Public opinion concerning consent

Whatever the underlying academic arguments, public opinion seems to support properly informed consent. Reported cases of individuals included in trials without their knowledge or full consent have met with considerable outrage. Cases such as that described in Box 2.1 do nothing to promote the cause of trials or engender public confidence.

'When scientists have academic arguments about clinical research they should remember that they are dealing with people's lives. We have feelings and opinions. We don't want to be just another statistic; we're real, we exist, and it's our bodies that you are experimenting with'. [21]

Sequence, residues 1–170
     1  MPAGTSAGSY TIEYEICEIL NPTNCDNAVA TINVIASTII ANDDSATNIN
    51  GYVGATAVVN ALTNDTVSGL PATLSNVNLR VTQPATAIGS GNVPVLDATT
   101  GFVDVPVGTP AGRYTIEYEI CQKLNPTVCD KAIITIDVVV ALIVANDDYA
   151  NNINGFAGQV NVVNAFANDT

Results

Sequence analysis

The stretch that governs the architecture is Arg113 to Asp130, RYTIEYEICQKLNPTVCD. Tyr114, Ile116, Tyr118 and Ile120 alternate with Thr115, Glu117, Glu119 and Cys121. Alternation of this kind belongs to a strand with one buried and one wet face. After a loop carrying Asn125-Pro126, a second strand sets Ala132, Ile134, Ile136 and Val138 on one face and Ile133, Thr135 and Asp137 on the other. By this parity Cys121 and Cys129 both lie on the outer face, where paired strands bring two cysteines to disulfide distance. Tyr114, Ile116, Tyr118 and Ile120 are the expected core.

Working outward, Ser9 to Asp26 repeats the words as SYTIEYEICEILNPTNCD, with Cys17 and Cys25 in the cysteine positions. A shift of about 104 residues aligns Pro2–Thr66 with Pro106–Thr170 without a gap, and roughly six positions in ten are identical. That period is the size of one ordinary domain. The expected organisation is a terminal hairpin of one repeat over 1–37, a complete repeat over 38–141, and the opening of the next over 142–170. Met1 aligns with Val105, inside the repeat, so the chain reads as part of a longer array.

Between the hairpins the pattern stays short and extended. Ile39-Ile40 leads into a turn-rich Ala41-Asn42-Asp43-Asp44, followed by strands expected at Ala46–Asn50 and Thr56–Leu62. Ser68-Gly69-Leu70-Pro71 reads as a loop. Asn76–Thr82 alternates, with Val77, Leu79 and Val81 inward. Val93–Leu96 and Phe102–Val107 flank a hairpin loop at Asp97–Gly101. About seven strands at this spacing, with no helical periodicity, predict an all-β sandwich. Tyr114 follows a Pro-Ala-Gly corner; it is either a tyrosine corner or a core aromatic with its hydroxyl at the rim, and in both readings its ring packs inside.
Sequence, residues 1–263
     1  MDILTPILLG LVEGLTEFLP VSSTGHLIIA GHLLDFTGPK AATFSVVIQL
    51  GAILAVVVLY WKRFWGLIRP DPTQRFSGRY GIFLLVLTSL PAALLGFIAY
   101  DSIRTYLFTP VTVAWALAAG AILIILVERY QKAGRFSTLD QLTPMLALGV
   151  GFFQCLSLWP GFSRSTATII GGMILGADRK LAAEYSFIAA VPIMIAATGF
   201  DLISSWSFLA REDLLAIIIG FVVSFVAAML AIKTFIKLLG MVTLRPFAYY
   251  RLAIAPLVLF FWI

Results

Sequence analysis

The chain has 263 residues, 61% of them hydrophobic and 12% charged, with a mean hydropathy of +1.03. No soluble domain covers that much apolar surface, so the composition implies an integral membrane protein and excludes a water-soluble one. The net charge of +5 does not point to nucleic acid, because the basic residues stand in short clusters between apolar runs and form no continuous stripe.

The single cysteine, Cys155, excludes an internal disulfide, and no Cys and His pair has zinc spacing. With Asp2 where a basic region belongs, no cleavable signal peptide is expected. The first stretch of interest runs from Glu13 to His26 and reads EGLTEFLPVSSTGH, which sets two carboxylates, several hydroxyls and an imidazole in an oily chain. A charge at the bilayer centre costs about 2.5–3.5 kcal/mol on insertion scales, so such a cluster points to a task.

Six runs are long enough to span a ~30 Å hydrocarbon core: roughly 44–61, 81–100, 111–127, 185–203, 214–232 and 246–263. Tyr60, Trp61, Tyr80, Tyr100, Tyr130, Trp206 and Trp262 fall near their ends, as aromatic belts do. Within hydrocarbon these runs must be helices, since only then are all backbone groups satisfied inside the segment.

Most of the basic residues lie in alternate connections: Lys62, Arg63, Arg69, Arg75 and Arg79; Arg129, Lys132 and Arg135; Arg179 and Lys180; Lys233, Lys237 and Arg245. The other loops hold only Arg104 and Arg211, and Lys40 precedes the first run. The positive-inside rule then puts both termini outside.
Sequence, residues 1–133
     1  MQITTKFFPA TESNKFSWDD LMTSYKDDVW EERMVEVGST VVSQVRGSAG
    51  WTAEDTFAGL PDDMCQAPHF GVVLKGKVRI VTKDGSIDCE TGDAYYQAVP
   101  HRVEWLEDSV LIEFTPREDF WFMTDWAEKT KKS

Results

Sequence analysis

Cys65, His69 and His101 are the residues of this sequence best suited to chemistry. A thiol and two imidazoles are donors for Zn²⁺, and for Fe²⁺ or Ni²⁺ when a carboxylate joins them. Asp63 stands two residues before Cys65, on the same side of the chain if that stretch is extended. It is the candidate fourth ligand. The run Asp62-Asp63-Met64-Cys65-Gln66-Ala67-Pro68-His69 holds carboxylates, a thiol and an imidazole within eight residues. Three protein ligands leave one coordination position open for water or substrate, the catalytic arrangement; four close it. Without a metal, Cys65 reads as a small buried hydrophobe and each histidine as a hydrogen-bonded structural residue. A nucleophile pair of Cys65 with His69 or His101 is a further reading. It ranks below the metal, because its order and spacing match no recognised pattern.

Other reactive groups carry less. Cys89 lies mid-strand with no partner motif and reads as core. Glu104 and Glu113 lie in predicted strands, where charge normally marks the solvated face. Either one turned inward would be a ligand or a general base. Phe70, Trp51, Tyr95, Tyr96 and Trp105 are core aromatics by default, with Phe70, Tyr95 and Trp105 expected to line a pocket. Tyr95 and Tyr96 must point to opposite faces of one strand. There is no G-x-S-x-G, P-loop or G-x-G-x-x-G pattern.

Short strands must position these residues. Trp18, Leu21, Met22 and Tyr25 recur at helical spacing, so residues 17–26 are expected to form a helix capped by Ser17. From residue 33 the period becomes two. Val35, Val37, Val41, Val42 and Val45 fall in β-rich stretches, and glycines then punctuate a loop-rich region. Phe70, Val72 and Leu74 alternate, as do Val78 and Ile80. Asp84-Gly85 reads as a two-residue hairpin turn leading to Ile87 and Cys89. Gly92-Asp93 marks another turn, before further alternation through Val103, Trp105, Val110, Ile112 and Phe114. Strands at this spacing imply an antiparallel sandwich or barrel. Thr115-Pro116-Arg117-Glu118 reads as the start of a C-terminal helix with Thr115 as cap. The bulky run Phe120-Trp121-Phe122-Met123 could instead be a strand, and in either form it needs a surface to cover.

Frank explanation about trials and the interventions involved can be difficult and potentially distressing for patients. Undoubtedly, there are those who do not wish to be told such details. However, the costs of avoiding such disclosure, both in terms of the harm to those involved and the damage to trials generally, are great. If full disclosure means that some patients cannot be entered in trials, then it is a price we have to pay. It is to be hoped that in the long term, open discussion between doctors and patients, together with public debate and education about trials, will create an environment within which a greater proportion of patients are willing to become involved in clinical research, on a more fully informed basis. From a purely pragmatic point of view, if trials are to be acceptable to the public who take part in them (and in one way or another fund them), then researchers need to address the issues surrounding informed consent. There is certainly much scope for empirical research into the best ways of going about this.

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